For political observers, the debate between conservative and progressive politicians over the impact of various policies can be entertaining as well as enlightening. Of course, politicians tend to either stretch the truth or cherry-pick various statistics to support their positions.
Take, for example, arguments related to poverty. According to the U.S. Census Bureau, the official poverty rate compares income to a poverty threshold that is adjusted by family composition. But the Supplemental Poverty Measure (SPM), first released in 2011 and produced with support from the U.S. Bureau of Labor Statistics (BLS), modifies the official poverty measure by including the value of government programs for low-income families. The SPM also accounts for geographic variation, such as cost of living, in poverty thresholds.
Which of the two methods of calculating poverty is used makes a huge difference for California. Under the unadjusted poverty rate, California ranks right in the middle, 25th out of 50. But when cost of living is taken into account, California ranks dead last, 50th out of 50.
The disparity among comparative metrics is so pervasive it is difficult to discern the truth about which states perform better than others. But the American Legislative Exchange Council (ALEC) produces an annual report entitled “Rich States, Poor States,” which ranks the economic competitiveness of states based on fifteen categories. It is intended as a resource for state lawmakers and other policy leaders for critical decision making.
Hardcore California haters might believe that the Golden State ranks worst in all possible measurements, but that simply isn’t true. What is true, however, is that California ranks poorly in most of the metrics and that the trends for the future are not encouraging. Of the fifteen categories, here are some of the more salient.
Income taxes: California ranks 48th worst with the highest state marginal tax rate in the nation. But because some local governments in other states impose income taxes – California does not – the state dodged that dead last position. Nonetheless, California did rank last (50th) in the progressivity of its income tax structure.
Property taxes: Notwithstanding the protections of Proposition 13, California ranked 28th in property tax burdens. The methodology used by “Rich States, Poor States” measured revenues from state and local property taxes per $1,000 of personal income using the latest available Census Bureau data. (Interestingly, the Tax Foundation – another reliable source for data – ranked California 14th out of 50 states in per capita property tax collections. Either way, both measurements belie the myth that California is a low property tax state).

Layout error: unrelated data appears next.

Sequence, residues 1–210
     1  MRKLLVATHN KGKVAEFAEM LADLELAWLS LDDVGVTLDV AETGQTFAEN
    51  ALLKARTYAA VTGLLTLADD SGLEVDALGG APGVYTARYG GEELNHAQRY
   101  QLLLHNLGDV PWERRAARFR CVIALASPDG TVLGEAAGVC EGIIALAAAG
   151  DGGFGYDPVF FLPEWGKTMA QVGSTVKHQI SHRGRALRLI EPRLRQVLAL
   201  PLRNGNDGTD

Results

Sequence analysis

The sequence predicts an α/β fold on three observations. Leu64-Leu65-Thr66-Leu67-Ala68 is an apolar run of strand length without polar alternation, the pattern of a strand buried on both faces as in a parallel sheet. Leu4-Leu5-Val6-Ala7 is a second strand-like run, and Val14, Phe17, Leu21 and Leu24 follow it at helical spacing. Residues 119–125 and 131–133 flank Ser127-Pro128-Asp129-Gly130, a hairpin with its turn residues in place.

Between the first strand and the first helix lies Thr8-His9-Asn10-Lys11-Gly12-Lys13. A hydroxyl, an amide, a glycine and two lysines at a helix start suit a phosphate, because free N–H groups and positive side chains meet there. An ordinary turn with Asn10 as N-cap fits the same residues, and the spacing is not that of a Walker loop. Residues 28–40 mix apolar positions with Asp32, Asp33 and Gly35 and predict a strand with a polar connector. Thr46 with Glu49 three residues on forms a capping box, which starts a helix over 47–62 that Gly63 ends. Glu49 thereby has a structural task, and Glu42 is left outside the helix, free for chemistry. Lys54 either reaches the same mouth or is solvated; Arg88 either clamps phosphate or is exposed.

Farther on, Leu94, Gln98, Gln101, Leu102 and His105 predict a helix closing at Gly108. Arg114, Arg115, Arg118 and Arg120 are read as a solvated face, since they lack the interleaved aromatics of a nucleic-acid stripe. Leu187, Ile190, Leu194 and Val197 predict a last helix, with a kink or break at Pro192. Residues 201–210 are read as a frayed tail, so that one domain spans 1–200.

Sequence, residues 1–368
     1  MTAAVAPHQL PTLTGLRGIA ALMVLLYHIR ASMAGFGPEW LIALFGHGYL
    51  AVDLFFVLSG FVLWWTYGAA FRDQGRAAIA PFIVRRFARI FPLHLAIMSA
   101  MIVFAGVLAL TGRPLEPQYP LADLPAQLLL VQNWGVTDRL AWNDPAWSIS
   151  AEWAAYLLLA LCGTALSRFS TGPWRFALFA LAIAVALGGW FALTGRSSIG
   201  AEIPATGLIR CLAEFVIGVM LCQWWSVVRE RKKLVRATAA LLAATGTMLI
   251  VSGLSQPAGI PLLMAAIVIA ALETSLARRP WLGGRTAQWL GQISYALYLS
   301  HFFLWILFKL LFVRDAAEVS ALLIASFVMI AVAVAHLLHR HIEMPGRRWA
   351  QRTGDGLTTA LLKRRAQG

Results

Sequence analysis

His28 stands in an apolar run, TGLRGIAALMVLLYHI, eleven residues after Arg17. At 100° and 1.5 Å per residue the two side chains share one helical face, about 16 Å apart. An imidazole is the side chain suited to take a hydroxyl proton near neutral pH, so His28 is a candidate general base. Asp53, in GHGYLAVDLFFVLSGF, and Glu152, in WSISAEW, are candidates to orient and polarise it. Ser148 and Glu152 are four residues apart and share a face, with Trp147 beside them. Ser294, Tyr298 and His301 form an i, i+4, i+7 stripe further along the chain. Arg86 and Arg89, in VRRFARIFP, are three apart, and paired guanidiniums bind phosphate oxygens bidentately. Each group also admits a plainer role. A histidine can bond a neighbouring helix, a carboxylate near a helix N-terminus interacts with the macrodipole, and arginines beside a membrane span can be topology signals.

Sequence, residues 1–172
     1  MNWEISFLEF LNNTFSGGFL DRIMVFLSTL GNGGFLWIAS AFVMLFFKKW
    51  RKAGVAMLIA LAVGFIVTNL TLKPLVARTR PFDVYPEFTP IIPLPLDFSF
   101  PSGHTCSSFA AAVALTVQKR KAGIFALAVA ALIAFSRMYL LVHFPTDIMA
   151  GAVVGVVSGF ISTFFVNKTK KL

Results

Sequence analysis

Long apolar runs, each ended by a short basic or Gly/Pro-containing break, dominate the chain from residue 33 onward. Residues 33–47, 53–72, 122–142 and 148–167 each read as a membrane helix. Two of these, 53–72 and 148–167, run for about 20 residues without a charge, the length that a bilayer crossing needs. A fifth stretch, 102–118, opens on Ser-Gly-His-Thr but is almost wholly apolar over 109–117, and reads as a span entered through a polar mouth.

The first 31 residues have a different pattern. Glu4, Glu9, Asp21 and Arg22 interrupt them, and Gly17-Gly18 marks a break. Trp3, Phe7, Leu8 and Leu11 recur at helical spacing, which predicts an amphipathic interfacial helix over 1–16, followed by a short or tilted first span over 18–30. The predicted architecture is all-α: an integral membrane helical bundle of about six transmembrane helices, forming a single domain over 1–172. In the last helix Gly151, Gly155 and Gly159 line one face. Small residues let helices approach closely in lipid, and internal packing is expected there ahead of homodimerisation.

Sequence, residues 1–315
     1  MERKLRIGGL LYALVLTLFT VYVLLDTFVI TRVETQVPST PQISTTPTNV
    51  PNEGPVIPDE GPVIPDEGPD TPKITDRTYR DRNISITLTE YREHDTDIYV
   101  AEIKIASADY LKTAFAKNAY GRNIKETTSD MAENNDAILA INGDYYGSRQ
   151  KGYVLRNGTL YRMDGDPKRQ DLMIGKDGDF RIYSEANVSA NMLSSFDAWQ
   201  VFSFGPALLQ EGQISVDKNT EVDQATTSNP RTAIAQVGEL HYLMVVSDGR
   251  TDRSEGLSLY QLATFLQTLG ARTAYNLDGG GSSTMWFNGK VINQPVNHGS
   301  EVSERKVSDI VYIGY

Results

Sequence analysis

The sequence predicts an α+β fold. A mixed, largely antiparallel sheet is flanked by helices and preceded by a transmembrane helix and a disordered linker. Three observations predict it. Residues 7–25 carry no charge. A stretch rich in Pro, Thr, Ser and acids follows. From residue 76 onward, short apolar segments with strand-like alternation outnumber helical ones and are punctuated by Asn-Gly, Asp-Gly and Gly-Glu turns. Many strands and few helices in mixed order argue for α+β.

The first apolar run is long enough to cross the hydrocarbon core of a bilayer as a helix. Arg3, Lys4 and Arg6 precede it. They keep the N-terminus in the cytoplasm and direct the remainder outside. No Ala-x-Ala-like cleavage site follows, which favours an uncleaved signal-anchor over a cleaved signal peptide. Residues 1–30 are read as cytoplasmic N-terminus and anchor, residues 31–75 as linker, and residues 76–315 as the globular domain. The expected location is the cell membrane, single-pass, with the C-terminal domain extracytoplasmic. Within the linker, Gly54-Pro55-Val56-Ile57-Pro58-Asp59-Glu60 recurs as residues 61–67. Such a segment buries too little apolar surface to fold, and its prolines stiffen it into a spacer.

Sales Tax Burden: For Californians, the ranking of sales tax burden is a surprisingly reasonable 23rd. Although California has the highest state sales tax rate in America at 7.25%, with local add-ons that push the rate over 10% in many jurisdictions, the methodology used by “Rich States, Poor States” moderates that ranking. Specifically, rather than relying on the tax rate, they look at sales tax revenues per $1,000 of personal income. One could quibble with this methodology given that California has a lot of super wealthy individuals which could disguise the true impact on the middle class.
Estate Tax: Under the “good news” category, California ranks 1st in Estate Tax burden. This is not surprising given that we don’t have an estate tax. But rather than thank our political leaders, thank statewide voters who passed Proposition 6 in 1982 repealing the estate tax. Moreover, while a number-one rank looks good, California shares that rank with 33 other states, all of which have no estate tax.
Debt Service as a Share of Tax Revenue: California ranks poorly – 39th out of 50 – in its debt service ratio, measuring the interest paid on state and local debt as a percentage of state and local total tax revenue. Because this information comes from 2020 U.S. Census Bureau data, the most recent available, it won’t take into account more recent bond measures approved in California nor a potential downturn in revenue which would increase the ratio even if no additional debt is assumed.
Other measures: Additional metrics of concern to the economic health of California include the state’s tort liability system (48th); workers compensation costs (48th); and, Cumulative Domestic Migration, 2012 – 2021, (49th). On the plus side is a measure of the effectiveness of Tax and Expenditure Limitations (3rd). For California, this includes the iconic Proposition 13 (1978); the Gann Spending Limit (1979); and Proposition 218, the Right to Vote on Taxes Act (1996). Moreover, California voters will have the opportunity to improve this metric with the passage of the Taxpayer Protection and Government Accountability Act in November of 2024.
When all the metrics are considered, “Rich States, Poor States” concludes that California’s overall ranking is a dismal 45th out of 50. Even for policy and political leaders who quibble with ALEC’s methodology, or its choice of what categories to measure, “Rich States, Poor States” is a valuable resource to guide them toward greater economic prosperity.
Jon Coupal is president of the Howard Jarvis Taxpayers Association.v